- Helps to Fight Stress and Depression: Sesame oil contains an amino acid known as tyrosine, which is directly connected to serotonin activity. Serotonin is a neurotransmitter which impacts our mood. An imbalance of it could lead to depression and stress. Sesame oil in diet help in the production of serotonin which in turn help in feeling positive and keeping chronic stress away.
- Oil Pulling for improving oral health: Oil pulling is an ancient Ayurvedic technique which is followed for promoting oral health and removing plaque. A tablespoon of oil is taken on an empty stomach and swished around in the mouth for 20 minutes and then spat out. It is believed to remove toxins from the body.
- Acts as a natural anti-inflammatory agent: Sesame seed oil has anti-inflammatory properties which makes it an innate healing agent. The antibacterial properties help in fighting various bacteria, including staphylococcus, streptococcus, and athlete’s foot fungus, affecting the skin.
- Helps in preventing diabetes: Sesame seeds are a good source of magnesium as well as various other nutrients. All these together enable sesame to lower the levels of glucose in the blood, thereby thwarting the risk of diabetes.
- Helps in natural cure for anemia: Sesame oil has a huge content of iron. That is why they are one of the most recommended home remedies for anemia as well as other iron-deficient problems.
- Has innate anti-cancerous properties: Sesame oil contains magnesium, a mineral that has a rich anti-cancerous reputation. These also contain an anti-cancer compound known as phytate. The synergic actions of these ingredients make sesame oil reduce the risk of colorectal tumors and, even preventing their onset.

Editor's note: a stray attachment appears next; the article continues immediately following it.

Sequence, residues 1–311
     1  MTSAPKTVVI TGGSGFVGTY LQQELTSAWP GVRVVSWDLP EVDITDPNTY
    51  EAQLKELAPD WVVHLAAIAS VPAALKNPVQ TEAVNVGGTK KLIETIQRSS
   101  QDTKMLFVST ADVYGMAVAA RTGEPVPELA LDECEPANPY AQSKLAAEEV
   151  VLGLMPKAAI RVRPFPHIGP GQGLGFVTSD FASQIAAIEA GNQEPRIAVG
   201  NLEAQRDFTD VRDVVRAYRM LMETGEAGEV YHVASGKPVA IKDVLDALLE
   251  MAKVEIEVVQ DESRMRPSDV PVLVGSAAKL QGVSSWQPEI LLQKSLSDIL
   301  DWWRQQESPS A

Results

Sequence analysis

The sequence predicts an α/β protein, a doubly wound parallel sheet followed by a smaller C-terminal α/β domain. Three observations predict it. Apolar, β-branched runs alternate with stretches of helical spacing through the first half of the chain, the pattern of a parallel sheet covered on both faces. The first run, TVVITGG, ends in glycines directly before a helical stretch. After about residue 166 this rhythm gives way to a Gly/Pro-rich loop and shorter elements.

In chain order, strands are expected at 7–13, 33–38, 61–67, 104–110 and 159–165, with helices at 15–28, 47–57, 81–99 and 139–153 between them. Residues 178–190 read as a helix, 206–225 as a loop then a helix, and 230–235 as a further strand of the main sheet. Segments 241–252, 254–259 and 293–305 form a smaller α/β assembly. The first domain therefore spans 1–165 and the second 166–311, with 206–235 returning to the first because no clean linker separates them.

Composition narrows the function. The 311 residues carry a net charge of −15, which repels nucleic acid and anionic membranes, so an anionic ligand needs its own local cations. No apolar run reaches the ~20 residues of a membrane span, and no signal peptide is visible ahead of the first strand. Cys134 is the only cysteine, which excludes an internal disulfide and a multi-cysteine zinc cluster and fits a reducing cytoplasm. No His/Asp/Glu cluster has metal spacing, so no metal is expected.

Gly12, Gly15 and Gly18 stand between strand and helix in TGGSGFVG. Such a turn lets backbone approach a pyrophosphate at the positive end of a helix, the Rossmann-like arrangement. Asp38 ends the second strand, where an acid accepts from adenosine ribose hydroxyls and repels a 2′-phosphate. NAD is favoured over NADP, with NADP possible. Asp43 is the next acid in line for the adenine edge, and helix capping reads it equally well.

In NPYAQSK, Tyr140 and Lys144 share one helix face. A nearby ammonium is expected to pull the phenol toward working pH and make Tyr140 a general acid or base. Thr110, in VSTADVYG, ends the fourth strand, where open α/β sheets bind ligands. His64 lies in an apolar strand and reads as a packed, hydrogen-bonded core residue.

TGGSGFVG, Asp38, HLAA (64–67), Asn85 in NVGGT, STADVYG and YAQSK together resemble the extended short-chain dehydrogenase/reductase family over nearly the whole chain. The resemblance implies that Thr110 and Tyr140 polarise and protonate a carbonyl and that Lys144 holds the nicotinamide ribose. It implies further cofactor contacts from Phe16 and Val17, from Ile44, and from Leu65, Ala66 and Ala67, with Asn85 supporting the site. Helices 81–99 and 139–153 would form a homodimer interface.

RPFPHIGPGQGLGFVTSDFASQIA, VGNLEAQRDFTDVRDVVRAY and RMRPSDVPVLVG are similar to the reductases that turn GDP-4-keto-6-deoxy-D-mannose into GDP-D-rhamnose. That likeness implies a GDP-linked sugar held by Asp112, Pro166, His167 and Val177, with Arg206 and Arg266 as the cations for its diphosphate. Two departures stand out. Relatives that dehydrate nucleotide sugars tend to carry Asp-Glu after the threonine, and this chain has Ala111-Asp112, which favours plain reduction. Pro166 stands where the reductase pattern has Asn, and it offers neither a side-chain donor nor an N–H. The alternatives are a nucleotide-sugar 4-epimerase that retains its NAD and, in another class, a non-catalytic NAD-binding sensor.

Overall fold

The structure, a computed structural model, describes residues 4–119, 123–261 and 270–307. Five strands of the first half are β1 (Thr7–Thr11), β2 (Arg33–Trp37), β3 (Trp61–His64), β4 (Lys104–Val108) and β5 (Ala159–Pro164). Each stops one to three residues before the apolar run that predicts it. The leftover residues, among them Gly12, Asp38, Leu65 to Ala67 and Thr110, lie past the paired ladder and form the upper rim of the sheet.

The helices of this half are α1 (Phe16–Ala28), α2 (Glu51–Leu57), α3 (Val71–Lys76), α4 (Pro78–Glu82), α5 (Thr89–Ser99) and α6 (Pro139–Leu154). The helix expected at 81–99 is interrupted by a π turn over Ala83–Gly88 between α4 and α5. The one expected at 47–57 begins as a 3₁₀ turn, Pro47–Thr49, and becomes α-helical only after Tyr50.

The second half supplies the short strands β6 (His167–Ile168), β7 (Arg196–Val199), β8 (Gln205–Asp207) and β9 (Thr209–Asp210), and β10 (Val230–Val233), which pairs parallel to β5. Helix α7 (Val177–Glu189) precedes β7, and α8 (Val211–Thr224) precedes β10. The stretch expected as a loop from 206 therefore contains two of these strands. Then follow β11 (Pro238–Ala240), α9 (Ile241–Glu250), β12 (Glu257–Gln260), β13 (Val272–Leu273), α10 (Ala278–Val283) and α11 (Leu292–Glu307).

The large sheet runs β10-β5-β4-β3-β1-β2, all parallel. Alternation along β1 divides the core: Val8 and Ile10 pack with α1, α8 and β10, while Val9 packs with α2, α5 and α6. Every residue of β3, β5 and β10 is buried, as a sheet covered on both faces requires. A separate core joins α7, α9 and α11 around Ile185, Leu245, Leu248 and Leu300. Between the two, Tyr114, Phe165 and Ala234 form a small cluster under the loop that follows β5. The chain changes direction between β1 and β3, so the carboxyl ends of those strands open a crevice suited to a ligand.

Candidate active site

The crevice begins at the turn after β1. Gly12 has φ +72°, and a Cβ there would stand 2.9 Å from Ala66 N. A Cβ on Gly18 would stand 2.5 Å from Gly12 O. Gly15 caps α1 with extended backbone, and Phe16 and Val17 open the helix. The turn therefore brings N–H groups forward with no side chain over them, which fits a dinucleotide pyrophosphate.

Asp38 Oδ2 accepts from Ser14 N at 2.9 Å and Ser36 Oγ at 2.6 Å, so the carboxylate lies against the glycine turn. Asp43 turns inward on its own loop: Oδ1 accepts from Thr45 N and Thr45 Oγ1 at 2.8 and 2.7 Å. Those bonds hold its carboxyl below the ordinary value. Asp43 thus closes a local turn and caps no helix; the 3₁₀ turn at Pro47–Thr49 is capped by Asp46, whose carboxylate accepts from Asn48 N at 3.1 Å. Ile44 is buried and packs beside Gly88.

- Helps in improving eye health: According to traditional Chinese medications, eyes and liver shared a very cordial relationship. Sesame oil is a natural tonic for the liver that enables better flow to blood, which, in turn, is believed to nourish eyes. These therapeutic effects can also treat blurred vision, tired and sore eyes.
Uses of Sesame Oil: Sesame oil is most popular in Asia, especially in Korea, China, and the South Indian states of Karnataka, Andhra Pradesh, and Tamil Nadu, where its widespread use is similar to that of olive oil in the Mediterranean.
- East Asian cuisines often use roasted sesame oil for seasoning.
- The Chinese use sesame oil in the preparation of meals.
- In Japan, rāyu is a paste made of chili-sesame oil seasoning and used as a spicy topping on various foods, or mixed with vinegar and soy sauce and used as a dip.
- In South India, before the advent of modern refined oils produced on a large scale, sesame oil was used traditionally for curries and gravies. It continues to be used, particularly in Tamil Nadu and Andhra Pradesh, mixed with foods that are hot and spicy as it neutralizes the heat. It is often mixed in with a special spice powder that accompanies idli and dosa as well as rice mixed with spice powders (such as paruppu podi).
To use sesame oil as a part of people’s massage routine, follow these instructions:
- Place the sesame oil in a squeeze bottle. Place the bottle in a pot of warm water to warm the oil. Test the oil before using to make sure it is not too hot.
- Undress and stay in a warm room, using a towel that people don’t mind getting oily.
- Pour small amounts of oil in people’s palm, and start massaging their scalp and face with circular strokes. Be sure to massage the ears and place some warm oil in the ears.
- Massage the rest of the body. Use long strokes on the limbs and long areas of the body, like the back and flank. Start at the extremities and move towards the center of the body. Use circular strokes on the joints, and don’t forget to give attention to the small joints. Also, use circular strokes on the chest and abdomen.
- After people have completed the self-nurturing massage, enjoy a warm shower or bath, taking care not to slip with oily feet.
In industry, sesame oil may be used as –
- a solvent in injected drugs or intravenous drip solutions,
- a cosmetics carrier oil,
- coating stored grains to prevent weevil attacks. The oil also has synergy with some insecticides.
Low-grade oil is used locally in soaps, paints, lubricants, and illuminants.